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Donald Anthony Low AO (22 June 1927 – 12 February 2015), known as Anthony Low or D. A. Low, was a historian of modern South Asia, Africa, the British Commonwealth, and, especially, decolonization. He was the Emeritus Smuts Professor of History of the British Commonwealth at the University of Cambridge, former Vice-Chancellor of the Australian National University, Canberra, and President of Clare Hall, Cambridge.[1]

Anthony Low

Donald Anthony Low

(1927-06-22)22 June 1927
Died12 February 2015(2015-02-12) (aged 87)
Alma materOxford University
Known forStudy of decolonization
Scientific career
FieldsHistorian (British Commonwealth)



Low was born in 1927[2] and gained his doctorate from Oxford University.[3]

Career highlightsEdit

The academic positions which Professor Low has held include the following:[4]

  • Founding Dean of the School of African and Asian Studies, University of Sussex, 1968–1971
  • Dean, Research School of Pacific and Asian Studies (RSPAS), Australian National University, 1973–1974
  • Vice Chancellor, Australian National University, Canberra, 1975–1982
  • Smuts Professor of the History of the British Commonwealth, University of Cambridge, 1983–1994
  • President, Clare Hall, University of Cambridge, 1987–1994


Selected bibliographyEdit


  • Low, D.A. (1962). Political parties in Uganda 1949-62 (1st ed.). London: Institute of Commonwealth Studies, University of London, Athlone Press.
  • Low, D.A. (editor) (1968). Soundings in modern South Asian history. California: University of California Press.CS1 maint: Extra text: authors list (link)
  • Low, D.A. (1973). Lion rampant; essays in the study of British imperialism. London: Cass. ISBN 9780714629865.
  • Low, D.A. (editor) (1988). The Indian National Congress: Centenary Hindsights. Delhi: Oxford University Press. ISBN 0195621425.CS1 maint: Extra text: authors list (link)
  • Low, D.A. (1991). Eclipse of empire. Cambridge New York: Cambridge University Press. ISBN 9780521457545.
  • Low, D.A. (1996). The egalitarian moment: Asia and Africa, 1950-1980. Cambridge New York: Cambridge University Press. ISBN 9780521567657.
  • Low, D.A. (1997). Britain and Indian nationalism: the imprint of ambiguity, 1929-1942. Cambridge: Cambridge University Press. ISBN 9780521892612.
  • Low, D.A. (2006). Congress and the Raj: facets of the Indian struggle, 1917-47 (2nd ed.). New Delhi Oxford: Oxford University Press. ISBN 9780195683677.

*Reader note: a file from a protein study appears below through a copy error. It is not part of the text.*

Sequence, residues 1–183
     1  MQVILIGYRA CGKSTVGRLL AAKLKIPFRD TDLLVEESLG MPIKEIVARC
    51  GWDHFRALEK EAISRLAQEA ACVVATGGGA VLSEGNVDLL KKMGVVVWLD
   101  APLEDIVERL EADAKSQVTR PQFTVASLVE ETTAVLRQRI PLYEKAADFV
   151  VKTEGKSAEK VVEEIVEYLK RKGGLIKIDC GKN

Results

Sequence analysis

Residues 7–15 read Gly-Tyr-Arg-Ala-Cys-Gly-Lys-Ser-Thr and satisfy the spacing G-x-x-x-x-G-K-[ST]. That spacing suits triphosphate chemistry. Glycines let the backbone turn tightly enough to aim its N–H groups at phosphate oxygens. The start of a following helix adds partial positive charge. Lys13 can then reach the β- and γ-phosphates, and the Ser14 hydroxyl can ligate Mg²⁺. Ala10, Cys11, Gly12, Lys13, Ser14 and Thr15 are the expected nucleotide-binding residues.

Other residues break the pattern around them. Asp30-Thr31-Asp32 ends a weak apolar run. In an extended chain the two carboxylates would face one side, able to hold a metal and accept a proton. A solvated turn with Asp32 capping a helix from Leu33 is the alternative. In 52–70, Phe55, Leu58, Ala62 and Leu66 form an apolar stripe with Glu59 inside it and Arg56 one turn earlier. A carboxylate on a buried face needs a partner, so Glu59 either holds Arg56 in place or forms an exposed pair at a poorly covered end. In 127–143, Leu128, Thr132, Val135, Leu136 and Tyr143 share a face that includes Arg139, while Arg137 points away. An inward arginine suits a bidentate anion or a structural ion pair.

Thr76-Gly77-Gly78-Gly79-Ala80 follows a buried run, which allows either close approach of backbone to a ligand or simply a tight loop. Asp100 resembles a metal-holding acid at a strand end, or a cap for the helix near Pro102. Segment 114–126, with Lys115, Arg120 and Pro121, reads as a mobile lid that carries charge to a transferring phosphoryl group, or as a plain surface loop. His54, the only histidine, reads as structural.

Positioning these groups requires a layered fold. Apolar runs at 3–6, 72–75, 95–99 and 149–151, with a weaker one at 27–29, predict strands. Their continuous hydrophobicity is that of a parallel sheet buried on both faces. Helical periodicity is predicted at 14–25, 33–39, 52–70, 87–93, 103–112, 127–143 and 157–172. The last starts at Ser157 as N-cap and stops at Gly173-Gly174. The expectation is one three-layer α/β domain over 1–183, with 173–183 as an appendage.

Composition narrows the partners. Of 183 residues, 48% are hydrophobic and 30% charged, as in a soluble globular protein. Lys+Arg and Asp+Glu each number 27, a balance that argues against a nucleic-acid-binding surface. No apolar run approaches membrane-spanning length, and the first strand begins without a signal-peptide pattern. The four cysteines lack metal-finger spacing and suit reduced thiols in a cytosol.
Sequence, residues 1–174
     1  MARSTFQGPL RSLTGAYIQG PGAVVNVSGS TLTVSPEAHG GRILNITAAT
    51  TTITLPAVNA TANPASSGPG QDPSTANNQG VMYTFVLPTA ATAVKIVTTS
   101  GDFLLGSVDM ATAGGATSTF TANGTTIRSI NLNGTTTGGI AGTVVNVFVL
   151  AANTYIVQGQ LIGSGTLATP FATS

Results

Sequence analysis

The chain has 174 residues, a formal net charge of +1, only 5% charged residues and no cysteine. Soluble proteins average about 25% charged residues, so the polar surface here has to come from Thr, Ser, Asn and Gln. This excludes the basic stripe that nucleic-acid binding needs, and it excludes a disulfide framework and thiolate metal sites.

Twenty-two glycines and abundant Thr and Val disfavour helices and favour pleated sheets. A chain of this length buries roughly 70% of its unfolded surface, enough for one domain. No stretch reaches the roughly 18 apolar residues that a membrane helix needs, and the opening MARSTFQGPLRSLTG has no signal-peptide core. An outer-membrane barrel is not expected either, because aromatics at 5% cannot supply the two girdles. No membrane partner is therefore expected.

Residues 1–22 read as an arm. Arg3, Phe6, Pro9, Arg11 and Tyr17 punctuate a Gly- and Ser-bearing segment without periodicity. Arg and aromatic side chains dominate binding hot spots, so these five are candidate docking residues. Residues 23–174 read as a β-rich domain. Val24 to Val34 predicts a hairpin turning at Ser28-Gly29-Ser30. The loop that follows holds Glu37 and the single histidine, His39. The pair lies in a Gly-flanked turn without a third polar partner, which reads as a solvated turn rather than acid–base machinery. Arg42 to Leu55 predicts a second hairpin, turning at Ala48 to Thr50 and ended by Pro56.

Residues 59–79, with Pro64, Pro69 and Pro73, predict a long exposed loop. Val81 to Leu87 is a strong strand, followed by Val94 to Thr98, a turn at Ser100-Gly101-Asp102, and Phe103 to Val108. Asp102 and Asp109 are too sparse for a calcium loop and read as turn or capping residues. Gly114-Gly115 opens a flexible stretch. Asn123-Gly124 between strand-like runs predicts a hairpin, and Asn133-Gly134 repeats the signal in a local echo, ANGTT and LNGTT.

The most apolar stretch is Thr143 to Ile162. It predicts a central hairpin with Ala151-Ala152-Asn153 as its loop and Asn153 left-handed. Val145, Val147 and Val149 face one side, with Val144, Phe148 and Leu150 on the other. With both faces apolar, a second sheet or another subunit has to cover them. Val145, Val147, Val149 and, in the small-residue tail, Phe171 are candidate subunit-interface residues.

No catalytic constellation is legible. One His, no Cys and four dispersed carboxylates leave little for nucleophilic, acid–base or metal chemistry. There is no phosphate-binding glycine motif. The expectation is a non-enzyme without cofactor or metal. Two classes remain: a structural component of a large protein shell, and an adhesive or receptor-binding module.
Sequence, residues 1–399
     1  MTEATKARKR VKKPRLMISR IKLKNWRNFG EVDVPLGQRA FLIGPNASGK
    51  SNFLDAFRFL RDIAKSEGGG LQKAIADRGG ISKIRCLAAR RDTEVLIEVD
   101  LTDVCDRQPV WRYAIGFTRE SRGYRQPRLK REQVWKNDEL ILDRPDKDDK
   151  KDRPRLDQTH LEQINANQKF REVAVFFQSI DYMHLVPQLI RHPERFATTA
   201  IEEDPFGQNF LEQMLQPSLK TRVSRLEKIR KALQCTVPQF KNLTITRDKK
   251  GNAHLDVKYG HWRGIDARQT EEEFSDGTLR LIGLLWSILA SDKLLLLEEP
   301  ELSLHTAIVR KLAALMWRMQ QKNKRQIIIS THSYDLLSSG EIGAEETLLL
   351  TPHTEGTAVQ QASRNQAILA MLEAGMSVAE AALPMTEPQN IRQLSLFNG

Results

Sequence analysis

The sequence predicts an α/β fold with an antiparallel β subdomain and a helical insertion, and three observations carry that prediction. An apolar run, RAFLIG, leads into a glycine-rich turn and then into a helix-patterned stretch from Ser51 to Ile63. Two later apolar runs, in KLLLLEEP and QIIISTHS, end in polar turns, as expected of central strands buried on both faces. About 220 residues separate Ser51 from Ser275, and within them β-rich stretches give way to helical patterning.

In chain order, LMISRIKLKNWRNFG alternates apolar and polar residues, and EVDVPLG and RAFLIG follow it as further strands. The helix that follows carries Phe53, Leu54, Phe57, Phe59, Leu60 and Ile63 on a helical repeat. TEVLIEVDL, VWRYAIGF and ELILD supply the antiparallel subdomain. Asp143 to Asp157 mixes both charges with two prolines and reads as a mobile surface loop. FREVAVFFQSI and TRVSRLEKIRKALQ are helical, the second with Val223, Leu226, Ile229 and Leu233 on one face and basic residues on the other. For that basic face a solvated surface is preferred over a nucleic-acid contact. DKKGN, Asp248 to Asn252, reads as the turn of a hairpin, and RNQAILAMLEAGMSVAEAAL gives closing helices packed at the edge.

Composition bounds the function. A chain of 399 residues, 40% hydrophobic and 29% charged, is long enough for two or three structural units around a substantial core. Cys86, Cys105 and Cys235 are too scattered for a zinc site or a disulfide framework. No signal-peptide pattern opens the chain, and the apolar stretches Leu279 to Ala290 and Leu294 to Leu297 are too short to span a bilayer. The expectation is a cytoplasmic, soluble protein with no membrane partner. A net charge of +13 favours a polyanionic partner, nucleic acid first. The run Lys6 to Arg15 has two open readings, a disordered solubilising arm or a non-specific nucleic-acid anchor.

• Low, D.A. (2009). Fabrication of empire : the British and the Uganda kingdoms, 1890-1902. Cambridge, UK New York: Cambridge University Press. ISBN 9780521843515.

Chapters in booksEdit

  • Low, D.A. (1988), "Congress and "mass contacts," 1936-1937: ideology, interests, and conflict over the basis of party representation", in Sisson, Richard; Wolpert, Stanley (eds.), Congress and Indian nationalism: the pre-independence phase, Berkeley: University of California Press, pp. 134–158, ISBN 9780520060418


  1. ^ "Emeritus Professor Anthony Low AO". Academy of the social sciences in Australia | Fellowships. Archived from the original on 15 March 2014. Retrieved 21 June 2014.
  2. ^ "Birthday's today". The Telegraph. 22 June 2011. Retrieved 21 June 2014. Prof D.A. Low, President of Clare Hall, Cambridge, 1987–94, 84
  3. ^ "List of Honorary Fellows". Exeter College, Oxford. Archived from the original on 18 June 2014. Retrieved 21 June 2014. Prof Anthony Low - DPhil Oxf, FAHA, FASSA
  4. ^ a b "Professor Donald Anthony Low Collection". National University of Singapore | NUS Libraries. Retrieved 21 June 2014.
  5. ^ "The Academy Fellows 'L'". The Australian Academy of the Humanities. Archived from the original on 1 March 2014. Retrieved 21 June 2014.
  6. ^ "Archived copy". Archived from the original on 18 June 2014. Retrieved 16 March 2013.CS1 maint: Archived copy as title (link)

External linksEdit

Academic offices
Preceded by
Robert Williams
Vice-Chancellor of the Australian National University
Succeeded by
Peter Karmel
Preceded by
Eric Thomas Stokes
Smuts Professor of Commonwealth History Cambridge University
Succeeded by
A.G. Hopkins